Does ADA go too far?

iVillage Member
Registered: 01-21-2008
Does ADA go too far?
3
Tue, 09-28-2010 - 3:03pm

I think I've only commented in here once, but I read here when there's something new.



I hope I did the link right, I was wondering if anyone else, particularly parents of Down Syndrome kids, find this story disturbing?



http://msn.foxsports.com/nfl/story/High-school-player-Down-syndrome-scores-51-yard-touchdown-Ike-Ditzenberger?gt1=39002



I used to volunteer with some kids years back and have several friends with now graduated D.Syn kids. Reading the "quotes" from "mom" has really set off some of the families I know. College Ball? His dream? REALLY? If his team and the opposing team "allow" him to make a TD, is it really fair to break his heart this way? What REAL College team is going to "allow" this to continue for him? The parents I know feel they are setting this young man up for a world of hurt in his future and can't believe any school district would allow the "equality" thing to go this far. There's also questions of, "Does this young man know they are "letting" him score or is he led to believe he can truly keep up with the team?"" Will this story be heard on the radio and will he understand it?" "Can he read and comprehend this story in the news?"



I know there's some truly militant parent's with special needs kids that feel this is just fine. But then, unless this young man is an exceptional athlete at the High School level- what about the skinny computer nerd that dreams of football, or the short clumsy one? THOSE parents also have some words about the special effort for this one kid, as in why him?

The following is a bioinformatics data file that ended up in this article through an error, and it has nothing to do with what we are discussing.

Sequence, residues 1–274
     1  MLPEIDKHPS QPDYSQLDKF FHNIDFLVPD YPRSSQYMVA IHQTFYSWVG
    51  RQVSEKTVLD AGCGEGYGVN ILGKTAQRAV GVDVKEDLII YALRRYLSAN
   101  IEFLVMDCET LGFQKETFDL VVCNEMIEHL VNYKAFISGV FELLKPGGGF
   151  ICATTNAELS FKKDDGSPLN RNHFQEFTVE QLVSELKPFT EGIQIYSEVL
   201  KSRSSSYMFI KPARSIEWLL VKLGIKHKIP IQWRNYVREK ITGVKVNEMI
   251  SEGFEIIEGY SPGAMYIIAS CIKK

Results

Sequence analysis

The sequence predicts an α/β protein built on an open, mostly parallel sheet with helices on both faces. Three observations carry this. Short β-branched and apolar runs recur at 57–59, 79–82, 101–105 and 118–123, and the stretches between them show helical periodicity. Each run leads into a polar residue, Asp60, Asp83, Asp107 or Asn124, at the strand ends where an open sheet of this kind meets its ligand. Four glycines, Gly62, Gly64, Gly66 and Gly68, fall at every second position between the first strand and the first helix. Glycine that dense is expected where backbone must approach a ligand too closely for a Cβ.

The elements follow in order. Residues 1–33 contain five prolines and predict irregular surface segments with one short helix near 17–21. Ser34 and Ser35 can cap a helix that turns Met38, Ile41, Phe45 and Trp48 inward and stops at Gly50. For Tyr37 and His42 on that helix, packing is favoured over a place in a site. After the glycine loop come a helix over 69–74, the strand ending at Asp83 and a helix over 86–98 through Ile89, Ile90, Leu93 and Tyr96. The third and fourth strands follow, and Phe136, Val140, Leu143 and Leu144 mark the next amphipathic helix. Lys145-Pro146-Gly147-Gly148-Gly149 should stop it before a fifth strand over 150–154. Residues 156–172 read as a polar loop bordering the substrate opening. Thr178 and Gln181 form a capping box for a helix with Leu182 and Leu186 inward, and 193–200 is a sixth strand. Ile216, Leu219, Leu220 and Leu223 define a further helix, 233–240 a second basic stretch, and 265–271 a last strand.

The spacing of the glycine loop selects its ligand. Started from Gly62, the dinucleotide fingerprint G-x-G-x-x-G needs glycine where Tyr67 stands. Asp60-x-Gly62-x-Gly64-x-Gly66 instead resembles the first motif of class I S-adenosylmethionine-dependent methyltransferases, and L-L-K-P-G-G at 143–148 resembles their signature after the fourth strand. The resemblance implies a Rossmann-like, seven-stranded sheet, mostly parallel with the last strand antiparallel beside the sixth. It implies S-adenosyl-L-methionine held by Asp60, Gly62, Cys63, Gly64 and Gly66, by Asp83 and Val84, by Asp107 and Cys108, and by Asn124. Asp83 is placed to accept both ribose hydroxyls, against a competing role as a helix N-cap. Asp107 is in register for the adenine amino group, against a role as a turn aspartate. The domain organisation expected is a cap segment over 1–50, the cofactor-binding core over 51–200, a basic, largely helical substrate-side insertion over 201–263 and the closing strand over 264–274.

Maybe most haven't heard about this, but I live in another part of Washington State and theres a whole lot of grumbling going on - quietly so far. I was just wondering how others felt about it?

iVillage Member
Registered: 11-28-1999
Thu, 10-14-2010 - 12:43pm

I don't find the part about the team letting him score when they were clearly going to win anyway that bad.

iVillage Member
Registered: 01-21-2008
Tue, 10-12-2010 - 4:24pm

Thanks, pretty much what I'm hearing from most parents around here. The DS kids, now adult that I still see sometimes, are all working in a sheltered workshop locally. They aren't dim by any means, fully able to articulate their disappointment that now that they no longer qualify for the public school programs it seems like they have few "normal" (their words, not mine!) friends anymore. If I question NORMAL the one girl will elbow her (also DS) friend and say " but WE'RE different, WE'RE special" and they giggle like lunatics- a sarcastic inside joke. Their biggest social problem is having a hard time believing that not everybody means well.

Anyway, thanks for the response, this really disturbed me.

iVillage Member
Registered: 05-27-1998
Fri, 10-08-2010 - 8:53pm

I find this very patronizing (I have a nephew with Down syndrome and another with autism). All children, whether they have special needs or not, need to live in the real world. I don't like "trophies for every kid on the team" policies either. Life is unequal and unfair, and the best way to cope is to learn to rise above the unfairness, not to have everything tweaked so you don't suffer. That's not giving kids with DS enough credit.